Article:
Those who suffer from Carpal Tunnel Syndrome (CTS) complain of numbness, tingling and pain in the hand, wrist and forearm, especially at night. A person with CTS may also experience clumsiness in handling objects, usually caused by decreased grip strength.
What Are the Causes of Carpal Tunnel Syndrome?
CTS occurs when a person’s hand or wrist is subjected to repetitive stress on a regular basis. While the risk of developing CTS is not isolated to specific industries, CTS is most prevalent in employees who perform assembly line work, such as:
- Food packing
Can I Collect Worker’s Compensation for Work-Related CTS?
Most likely, yes. The United States Department of Labor has recognized CTS as the "chief occupational hazard of the '90's - disabling workers in epidemic proportions." However, as with any other work-related injury, you must:
- Promptly report your injury to your employer. Some states require notice within 2-30 days following the injury. If an injury or illness results over time you must report it as soon as you realize it was caused by your work.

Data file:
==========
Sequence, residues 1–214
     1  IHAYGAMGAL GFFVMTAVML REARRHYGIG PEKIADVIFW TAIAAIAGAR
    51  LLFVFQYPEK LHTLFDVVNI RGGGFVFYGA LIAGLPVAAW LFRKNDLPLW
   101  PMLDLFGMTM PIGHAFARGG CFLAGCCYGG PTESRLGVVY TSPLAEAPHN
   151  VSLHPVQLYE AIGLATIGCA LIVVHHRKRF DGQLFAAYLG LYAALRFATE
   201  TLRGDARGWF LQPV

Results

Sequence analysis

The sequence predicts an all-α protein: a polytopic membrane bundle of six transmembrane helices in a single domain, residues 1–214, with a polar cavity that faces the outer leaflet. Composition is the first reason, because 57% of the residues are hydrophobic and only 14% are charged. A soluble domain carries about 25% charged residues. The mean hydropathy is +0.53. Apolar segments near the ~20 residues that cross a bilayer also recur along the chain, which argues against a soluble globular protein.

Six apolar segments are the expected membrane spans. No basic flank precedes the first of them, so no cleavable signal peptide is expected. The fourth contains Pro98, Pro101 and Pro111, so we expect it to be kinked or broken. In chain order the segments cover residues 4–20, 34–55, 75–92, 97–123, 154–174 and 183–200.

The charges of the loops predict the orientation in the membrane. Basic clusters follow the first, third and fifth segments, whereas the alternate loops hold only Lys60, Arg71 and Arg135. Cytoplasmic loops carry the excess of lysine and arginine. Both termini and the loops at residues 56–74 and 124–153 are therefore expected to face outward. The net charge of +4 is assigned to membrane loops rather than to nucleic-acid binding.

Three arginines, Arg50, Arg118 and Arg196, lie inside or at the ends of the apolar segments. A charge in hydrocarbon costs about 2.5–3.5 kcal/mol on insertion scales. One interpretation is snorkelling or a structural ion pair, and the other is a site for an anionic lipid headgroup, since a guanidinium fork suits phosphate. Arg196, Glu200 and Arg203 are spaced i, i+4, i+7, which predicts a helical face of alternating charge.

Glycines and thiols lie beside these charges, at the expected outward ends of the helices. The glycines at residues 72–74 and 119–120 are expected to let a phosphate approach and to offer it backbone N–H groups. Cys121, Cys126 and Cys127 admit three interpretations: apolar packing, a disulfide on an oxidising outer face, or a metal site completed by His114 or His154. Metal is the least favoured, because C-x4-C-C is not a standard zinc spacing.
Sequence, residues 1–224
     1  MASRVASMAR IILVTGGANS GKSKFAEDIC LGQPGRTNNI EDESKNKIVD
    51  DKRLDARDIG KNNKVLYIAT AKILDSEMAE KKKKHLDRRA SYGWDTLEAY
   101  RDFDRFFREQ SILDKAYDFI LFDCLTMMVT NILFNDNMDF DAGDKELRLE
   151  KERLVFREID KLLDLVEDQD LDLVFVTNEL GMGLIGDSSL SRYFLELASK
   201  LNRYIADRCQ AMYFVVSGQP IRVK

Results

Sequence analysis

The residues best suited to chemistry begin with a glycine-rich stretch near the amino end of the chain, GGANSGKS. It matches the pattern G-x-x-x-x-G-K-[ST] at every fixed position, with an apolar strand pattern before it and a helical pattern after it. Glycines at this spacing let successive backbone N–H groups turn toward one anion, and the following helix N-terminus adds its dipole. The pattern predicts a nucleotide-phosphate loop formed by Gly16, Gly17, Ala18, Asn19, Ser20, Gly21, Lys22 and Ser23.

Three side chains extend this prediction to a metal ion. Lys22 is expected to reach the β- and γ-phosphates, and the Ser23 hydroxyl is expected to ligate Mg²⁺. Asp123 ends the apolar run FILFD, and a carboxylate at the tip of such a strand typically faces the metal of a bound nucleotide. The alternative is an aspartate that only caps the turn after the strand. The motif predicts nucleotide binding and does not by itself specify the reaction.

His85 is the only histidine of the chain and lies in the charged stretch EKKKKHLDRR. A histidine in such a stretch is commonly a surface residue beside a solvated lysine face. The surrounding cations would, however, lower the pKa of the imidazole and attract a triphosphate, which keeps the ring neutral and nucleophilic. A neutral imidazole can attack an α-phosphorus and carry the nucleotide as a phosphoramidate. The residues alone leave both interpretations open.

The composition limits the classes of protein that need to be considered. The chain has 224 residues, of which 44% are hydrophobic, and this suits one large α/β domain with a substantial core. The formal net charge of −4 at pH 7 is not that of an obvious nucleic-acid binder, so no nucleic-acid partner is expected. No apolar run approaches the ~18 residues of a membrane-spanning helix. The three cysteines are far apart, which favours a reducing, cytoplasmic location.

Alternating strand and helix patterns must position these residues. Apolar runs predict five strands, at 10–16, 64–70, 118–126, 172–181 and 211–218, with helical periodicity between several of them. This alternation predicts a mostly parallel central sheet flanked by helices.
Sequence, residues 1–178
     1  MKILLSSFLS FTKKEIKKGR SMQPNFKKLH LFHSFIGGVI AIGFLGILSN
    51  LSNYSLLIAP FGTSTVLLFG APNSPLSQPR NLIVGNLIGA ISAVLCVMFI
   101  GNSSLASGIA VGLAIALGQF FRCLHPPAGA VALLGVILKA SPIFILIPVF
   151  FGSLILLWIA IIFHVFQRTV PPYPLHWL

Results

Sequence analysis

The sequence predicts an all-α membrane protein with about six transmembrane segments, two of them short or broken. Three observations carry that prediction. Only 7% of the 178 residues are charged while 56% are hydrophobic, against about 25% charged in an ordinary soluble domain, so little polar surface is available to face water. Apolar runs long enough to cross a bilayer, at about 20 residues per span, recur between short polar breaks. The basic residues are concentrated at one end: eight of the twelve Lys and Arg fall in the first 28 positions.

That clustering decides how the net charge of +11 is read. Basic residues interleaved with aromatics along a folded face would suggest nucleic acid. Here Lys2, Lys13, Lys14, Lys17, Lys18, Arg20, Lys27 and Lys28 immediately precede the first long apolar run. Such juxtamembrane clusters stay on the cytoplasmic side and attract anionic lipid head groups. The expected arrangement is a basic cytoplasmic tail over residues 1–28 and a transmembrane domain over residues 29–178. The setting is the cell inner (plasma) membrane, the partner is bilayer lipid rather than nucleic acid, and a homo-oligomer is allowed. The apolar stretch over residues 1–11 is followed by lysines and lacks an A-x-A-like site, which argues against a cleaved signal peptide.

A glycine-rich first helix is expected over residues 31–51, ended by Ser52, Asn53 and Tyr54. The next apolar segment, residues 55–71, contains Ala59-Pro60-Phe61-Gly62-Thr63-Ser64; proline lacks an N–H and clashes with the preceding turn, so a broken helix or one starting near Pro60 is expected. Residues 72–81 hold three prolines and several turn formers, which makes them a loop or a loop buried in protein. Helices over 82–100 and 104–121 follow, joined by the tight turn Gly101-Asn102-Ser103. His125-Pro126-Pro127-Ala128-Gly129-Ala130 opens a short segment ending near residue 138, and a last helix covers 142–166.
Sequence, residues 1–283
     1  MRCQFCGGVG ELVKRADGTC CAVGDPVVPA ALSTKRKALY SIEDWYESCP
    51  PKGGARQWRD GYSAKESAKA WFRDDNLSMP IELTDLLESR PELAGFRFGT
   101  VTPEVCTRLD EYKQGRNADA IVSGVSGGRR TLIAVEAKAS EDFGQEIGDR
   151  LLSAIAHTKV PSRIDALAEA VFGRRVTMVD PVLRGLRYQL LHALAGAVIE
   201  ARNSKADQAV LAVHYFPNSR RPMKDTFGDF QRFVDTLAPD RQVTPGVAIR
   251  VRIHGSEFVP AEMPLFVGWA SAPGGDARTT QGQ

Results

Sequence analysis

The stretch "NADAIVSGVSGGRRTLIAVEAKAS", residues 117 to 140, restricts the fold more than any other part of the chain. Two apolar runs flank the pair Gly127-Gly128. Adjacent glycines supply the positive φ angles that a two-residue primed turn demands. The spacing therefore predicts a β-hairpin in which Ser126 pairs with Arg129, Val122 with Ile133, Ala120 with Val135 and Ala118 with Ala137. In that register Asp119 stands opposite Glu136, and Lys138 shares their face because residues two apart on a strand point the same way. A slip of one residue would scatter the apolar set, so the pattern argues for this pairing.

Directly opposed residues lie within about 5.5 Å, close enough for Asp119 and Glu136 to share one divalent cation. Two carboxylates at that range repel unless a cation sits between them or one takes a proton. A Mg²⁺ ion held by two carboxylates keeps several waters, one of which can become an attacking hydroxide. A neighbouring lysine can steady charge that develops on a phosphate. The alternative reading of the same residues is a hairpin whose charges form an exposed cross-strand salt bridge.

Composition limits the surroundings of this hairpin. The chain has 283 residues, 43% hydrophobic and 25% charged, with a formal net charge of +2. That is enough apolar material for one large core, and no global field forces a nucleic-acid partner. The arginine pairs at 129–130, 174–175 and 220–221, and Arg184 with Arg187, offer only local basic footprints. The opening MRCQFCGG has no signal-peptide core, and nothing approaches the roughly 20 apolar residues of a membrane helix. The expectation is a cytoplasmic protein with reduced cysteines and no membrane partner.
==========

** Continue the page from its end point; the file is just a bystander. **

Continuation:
- Get medical treatment and follow the doctor's instructions.
- File your claim with your employer's insurance carrier. Your employer must provide insurance claim forms.
- Save all copies of paperwork throughout the whole process.
Do I Need a Lawyer to Receive Compensation for CTS?
If you have work-related CTS, first file the proper workers' compensation insurance forms required by your employer. If further disputes arise, consult an experienced employment attorney familiar. Speaking with an employment lawyer will inform you of your legal rights and preserve any possible remedies you may have.